Comoros seeks $4.6bn in investment to climb out of poverty
The African island nation plans to use the money to boost tourism, agriculture projects, transportation and energy.
Comoros President Azali Assoumani has said he is looking to raise 4.2 billion euros ($4.63bn) at an investment conference this week as he seeks to consolidate political stability and improve the economy ahead of elections next year.
The Indian Ocean archipelago is one of the world’s poorest countries, with a population of just 800,000 people who rely on the export of ylang-ylang, a key ingredient for perfumes, vanilla, and cloves – all of which are prone to price swings.
With a history of assassinations, mercenary invasions, and some 20 coups or attempted rebellions since independence from France in 1975, Comoros has been known for its political instability – which many locals blame on continued interference by the French.
Located between Mozambique and Madagascar, Comoros has been more stable in recent years. Still, Assoumani’s re-election in March came amid allegations of vote-rigging following a referendum that enabled him to run for a second term and possibly longer.
“The Comoros has lived through difficult times, but we’ve decided to turn the page,” Assoumani told Reuters news agency.
Assoumani, a former army officer, whose first stint in power came after a coup in 1999, was speaking in advance of an international conference organised by the World Bank and the French government in Paris this week outlining an economic plan running to 2030.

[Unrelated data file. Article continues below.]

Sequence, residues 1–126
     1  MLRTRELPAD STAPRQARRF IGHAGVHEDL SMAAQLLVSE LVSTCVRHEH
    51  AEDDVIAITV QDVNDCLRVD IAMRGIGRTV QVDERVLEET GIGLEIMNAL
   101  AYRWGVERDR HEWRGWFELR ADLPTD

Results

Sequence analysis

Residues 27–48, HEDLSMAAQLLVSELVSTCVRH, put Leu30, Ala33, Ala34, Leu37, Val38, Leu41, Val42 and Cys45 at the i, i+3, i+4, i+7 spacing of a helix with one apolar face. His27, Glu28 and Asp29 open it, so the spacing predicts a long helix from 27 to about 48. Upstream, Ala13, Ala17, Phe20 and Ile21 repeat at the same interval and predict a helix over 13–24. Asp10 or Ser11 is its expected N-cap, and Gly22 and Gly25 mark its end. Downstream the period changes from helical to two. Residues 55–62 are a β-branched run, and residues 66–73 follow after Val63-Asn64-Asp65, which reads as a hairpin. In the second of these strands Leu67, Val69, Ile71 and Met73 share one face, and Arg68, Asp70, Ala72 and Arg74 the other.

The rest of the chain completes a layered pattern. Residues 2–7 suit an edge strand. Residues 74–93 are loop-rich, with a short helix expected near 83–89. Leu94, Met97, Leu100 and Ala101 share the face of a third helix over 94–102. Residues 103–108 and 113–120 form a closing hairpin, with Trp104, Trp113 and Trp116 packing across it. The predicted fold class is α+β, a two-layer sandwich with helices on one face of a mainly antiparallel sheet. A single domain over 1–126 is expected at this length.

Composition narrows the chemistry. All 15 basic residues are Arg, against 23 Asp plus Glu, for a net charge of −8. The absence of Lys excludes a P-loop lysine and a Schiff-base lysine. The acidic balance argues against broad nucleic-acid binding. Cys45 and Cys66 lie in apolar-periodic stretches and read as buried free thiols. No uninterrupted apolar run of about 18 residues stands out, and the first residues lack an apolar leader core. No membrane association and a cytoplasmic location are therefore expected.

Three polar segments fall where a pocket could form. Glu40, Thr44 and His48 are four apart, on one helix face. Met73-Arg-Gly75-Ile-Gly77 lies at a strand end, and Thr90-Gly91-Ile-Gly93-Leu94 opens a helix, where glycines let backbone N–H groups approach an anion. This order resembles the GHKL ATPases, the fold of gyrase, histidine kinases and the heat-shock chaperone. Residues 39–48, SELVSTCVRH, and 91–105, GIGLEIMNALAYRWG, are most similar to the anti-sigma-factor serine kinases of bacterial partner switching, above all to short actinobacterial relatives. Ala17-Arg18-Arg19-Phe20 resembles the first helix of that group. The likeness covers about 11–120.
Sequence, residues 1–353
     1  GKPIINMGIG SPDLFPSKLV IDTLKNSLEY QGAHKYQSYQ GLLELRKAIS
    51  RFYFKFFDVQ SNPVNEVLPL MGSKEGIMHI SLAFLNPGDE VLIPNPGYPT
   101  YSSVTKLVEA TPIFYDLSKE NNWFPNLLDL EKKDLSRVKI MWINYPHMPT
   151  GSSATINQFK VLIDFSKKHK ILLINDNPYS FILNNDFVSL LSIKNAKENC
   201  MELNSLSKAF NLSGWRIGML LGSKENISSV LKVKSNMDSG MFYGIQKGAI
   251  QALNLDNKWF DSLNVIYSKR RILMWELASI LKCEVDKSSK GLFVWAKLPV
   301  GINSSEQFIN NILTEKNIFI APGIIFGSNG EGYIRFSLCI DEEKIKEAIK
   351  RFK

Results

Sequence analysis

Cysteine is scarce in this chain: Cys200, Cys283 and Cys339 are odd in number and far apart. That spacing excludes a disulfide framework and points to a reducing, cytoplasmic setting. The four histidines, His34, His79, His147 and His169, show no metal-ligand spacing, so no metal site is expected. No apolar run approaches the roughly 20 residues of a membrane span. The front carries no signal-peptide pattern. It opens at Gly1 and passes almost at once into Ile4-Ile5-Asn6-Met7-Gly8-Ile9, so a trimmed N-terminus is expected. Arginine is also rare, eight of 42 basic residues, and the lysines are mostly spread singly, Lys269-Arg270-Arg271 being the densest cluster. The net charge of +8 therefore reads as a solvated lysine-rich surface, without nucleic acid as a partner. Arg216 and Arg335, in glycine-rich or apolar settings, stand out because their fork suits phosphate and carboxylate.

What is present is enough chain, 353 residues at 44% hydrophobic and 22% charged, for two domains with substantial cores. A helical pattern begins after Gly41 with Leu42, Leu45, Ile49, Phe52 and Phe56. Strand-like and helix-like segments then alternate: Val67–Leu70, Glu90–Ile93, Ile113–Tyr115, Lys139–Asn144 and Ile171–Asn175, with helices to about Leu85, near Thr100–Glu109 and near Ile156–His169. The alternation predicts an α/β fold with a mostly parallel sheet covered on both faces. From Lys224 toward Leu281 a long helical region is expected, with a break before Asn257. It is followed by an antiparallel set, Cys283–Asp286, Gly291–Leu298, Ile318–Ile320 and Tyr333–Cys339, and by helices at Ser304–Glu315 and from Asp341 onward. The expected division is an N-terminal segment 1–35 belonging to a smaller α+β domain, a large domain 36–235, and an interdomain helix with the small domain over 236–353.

The priority would be to attract investment in tourism as well as agriculture projects, transport and energy, he said.
“We’re aiming for 4.2 billion euros,” Assoumani said.
“The country needs to move forward, and this conference is to do that. I hope that even the opposition will benefit from this.”
He said potentially lucrative oil and gas opportunities would be opened up at a later stage.
Opposition parties have threatened to boycott next year’s parliamentary elections unless they are given guarantees on their transparency.
Assoumani said the opposition had some legitimate grievances and that he hoped the conference would address some of their concerns.
“We must reinforce stability. We need to keep our young people occupied,” he said.
Having cut ties with Iran in 2016, Comoros has seen increased investment from Saudi Arabia, providing $22m to help finance water and road infrastructure works there. Assoumani said he anticipated Gulf Arab countries would step up their support in Paris.